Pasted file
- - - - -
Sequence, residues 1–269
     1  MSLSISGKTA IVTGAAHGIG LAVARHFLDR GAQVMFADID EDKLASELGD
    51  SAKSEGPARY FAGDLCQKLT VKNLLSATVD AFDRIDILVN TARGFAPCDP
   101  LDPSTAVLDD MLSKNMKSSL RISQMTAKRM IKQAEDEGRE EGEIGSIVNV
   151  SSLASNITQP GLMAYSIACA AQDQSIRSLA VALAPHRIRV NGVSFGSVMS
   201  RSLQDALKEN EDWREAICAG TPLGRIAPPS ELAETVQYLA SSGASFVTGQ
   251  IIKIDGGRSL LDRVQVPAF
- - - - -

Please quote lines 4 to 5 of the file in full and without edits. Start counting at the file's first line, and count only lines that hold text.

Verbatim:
   101  LDPSTAVLDD MLSKNMKSSL RISQMTAKRM IKQAEDEGRE EGEIGSIVNV
   151  SSLASNITQP GLMAYSIACA AQDQSIRSLA VALAPHRIRV NGVSFGSVMS